San Francisco 49ers’ Richard Sherman talks with head coach Kyle Shanahan after Sherman was ejected in 4th quarter of Chicago Bears’ 14-9 win in NFL game at Levi’s Stadium in Santa Clara, Calif. on Sunday, December 23, 2018.
San Francisco 49ers’ Richard Sherman talks with head coach Kyle Shanahan after Sherman was ejected in 4th quarter of Chicago Bears’ 14-9 win in NFL game at Levi’s Stadium in Santa Clara, Calif. on Sunday,
… more Photo: Scott Strazzante / The Chronicle
Richard Sherman went down fighting.
The 49ers cornerback was ejected for his role in a fourth-quarter melee that began Sunday when safety Marcell Harris hit Bears quarterback Mitchell Trubisky as he was sliding at the end of a 7-yard scramble.
The collision occurred at Chicago’s sideline and Harris was surrounded by Bears who, according to Sherman, were “pushing and shoving and grabbing and punching on him.” Sherman, 30, one of five team captains, went into the scrum and threw punches.
He made it clear they were “open-hand” shots, so he didn’t hurt his hands by slamming them against helmets.
“As a leader you can’t let them do your teammate like that,” Sherman said. “I felt like they went over the top … It took too long for them to let him go so I went in there to grab him. And they continued to pull and jerk and grab (him).
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“I’m a grown man with kids. I don’t care about any of that. At the end of the day, they’re going to be punished for it. … You put your hands on me, you’re going to feel me.”
Bears wide receivers Joshua Bellamy and Anthony Miller were also ejected for their role in the fight.
“Sherm was very clear to me he was trying to get his brother’s back and I love for guys to do that as much as they can,” head coach Kyle Shanaahn said. “It’s definitely better when they do as much as they can and they don’t get ejected. But they had two get ejected and we had one. So that was better.”
Said tight end George Kittle: “Richard’s a baller and I love what he did. I’m not paying his fine, though.”
Finally, a takeaway: The first half didn’t feature much action — the 49ers led 9-7 at halftime on three field goals by Robbie Gould — but it did have a monumental moment: The 49ers had their first takeaway since Oct. 28.
In the second quarter, quarterback Mitchell Trubisky lateraled to running back Tarik Cohen behind the line of scrimmage. Cohen couldn’t handle the toss, and defensive tackle DeForest Buckner recovered the football.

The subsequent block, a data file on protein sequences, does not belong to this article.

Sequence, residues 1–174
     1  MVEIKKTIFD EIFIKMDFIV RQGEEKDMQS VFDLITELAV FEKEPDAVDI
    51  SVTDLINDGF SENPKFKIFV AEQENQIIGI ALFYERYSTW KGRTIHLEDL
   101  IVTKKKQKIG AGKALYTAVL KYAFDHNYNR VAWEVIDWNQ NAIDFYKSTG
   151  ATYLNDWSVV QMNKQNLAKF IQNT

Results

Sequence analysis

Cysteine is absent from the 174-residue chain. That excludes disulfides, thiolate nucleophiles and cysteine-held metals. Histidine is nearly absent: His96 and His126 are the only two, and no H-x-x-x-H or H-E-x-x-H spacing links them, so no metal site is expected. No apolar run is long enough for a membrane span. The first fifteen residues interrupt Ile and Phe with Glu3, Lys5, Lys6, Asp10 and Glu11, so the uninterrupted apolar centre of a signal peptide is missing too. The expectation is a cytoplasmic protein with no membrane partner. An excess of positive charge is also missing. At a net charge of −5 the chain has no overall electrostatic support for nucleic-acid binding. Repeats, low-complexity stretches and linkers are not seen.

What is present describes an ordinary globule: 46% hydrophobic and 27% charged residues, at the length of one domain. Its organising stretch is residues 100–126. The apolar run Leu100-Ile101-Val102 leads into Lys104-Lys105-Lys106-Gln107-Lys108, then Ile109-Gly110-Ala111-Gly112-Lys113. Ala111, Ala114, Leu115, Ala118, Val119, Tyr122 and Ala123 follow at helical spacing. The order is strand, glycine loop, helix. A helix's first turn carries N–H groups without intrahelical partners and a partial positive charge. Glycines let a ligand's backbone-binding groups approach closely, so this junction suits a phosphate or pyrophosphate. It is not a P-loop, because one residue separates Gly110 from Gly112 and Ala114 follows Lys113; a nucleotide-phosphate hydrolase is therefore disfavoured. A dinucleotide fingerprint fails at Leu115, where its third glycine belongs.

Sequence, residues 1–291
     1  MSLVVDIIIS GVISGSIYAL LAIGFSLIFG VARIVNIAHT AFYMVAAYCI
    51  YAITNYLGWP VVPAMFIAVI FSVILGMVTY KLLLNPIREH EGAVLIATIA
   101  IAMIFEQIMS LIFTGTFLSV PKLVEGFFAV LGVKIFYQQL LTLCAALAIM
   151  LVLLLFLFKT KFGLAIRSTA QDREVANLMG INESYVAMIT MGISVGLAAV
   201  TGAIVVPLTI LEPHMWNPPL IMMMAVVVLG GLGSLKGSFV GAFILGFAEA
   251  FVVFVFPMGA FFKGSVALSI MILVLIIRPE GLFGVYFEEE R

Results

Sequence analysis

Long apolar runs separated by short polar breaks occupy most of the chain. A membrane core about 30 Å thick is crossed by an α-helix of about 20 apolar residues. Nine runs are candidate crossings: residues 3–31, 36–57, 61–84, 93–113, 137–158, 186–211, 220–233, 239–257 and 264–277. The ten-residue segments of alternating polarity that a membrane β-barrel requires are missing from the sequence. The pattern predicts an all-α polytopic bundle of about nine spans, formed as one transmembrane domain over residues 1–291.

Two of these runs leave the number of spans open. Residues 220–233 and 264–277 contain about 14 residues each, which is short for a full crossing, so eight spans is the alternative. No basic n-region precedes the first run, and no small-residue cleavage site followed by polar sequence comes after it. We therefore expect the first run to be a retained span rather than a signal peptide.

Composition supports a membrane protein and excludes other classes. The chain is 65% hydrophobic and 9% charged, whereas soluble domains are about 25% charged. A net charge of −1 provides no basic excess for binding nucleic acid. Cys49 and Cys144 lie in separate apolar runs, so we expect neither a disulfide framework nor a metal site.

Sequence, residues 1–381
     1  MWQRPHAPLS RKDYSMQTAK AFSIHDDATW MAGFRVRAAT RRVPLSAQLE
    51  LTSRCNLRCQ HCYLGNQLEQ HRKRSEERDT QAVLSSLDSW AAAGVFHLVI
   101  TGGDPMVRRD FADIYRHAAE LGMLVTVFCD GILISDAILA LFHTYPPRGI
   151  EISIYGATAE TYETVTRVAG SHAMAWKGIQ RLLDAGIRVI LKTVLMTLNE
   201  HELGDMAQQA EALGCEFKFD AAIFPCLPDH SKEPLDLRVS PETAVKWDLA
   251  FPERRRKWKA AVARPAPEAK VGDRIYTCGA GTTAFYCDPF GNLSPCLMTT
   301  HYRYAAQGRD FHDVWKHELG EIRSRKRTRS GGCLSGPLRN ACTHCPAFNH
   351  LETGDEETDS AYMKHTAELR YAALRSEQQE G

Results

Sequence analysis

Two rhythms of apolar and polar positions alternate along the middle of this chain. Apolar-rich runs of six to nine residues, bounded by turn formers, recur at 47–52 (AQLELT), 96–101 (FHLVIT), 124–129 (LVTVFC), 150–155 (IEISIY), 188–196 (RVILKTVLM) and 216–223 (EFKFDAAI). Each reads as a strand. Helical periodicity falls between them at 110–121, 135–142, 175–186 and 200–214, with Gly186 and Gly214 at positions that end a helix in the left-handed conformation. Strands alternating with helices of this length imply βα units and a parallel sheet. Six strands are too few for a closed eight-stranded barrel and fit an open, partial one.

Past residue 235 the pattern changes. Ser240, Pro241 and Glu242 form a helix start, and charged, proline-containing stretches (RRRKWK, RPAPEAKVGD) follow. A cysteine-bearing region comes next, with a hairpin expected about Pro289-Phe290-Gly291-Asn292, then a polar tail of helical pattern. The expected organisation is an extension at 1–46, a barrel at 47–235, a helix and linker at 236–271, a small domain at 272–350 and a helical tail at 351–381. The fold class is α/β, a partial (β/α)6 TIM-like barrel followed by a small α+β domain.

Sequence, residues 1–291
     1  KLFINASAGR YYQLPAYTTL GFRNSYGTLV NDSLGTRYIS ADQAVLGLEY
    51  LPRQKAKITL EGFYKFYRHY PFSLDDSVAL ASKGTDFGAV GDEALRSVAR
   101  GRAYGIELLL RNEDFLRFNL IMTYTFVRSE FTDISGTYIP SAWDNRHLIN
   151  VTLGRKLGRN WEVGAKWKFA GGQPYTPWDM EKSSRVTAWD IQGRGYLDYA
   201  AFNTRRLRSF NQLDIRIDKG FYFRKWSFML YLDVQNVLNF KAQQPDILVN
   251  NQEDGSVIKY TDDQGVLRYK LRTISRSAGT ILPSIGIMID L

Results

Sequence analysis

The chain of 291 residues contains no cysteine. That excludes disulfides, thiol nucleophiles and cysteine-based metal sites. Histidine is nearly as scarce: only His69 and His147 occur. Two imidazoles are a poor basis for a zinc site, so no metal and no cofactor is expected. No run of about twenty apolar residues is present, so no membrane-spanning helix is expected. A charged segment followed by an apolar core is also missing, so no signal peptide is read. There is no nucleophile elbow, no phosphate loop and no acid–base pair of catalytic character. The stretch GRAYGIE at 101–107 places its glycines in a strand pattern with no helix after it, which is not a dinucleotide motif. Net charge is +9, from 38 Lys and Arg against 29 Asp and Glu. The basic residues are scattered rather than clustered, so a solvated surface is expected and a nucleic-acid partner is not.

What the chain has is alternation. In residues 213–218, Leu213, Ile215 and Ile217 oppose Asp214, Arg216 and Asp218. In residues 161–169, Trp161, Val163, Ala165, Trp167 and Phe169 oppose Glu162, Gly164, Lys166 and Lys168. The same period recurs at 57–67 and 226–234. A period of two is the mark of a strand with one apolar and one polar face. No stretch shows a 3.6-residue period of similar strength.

The takeaway was the 49ers’ sixth of the season and ended a drought in which they didn’t force a turnover in six games and 392 minutes and 49 seconds of game action.
The 49ers, who finished with two takeaways, will still set an NFL record for fewest takeaways in a season if they don’t have at least four in the season finale against the Rams. They have two interceptions and will set a league record for the fewest in a season if they don’t have at least two next weekend.
Injury report: Wide receiver Dante Pettis sustained what is believed to be a sprained medial collateral knee ligament that will end his rookie season.
He finished with 27 catches for 467 yards with five scores.
In other injury news, running back Matt Breida exited in the second quarter after aggravating an ankle injury he’s had for most of the season. Tight end Garrett Celek exited with a concussion and wide receiver Marquise Goodwin sustained an Achilles injury on the 49ers’ final offensive play.
Shanahan said Goodwin’s injury likely wasn’t serious.
Record watch: Kittle (seven catches, 74 yards) moved up nine spots and now has the seventh-most receiving yards by a tight end in NFL history. Kittle is tied with Jimmy Graham, who had 1,215 yards in 2013.
Kittle needs 113 yards against the Rams to break Rob Gronkowski’s record for the most receiving yards by a tight end. However, Kansas City’s Travis Kelce now has 1,274 yards after getting 54 in a loss to Seattle.
Eric Branch is a San Francisco Chronicle staff writer.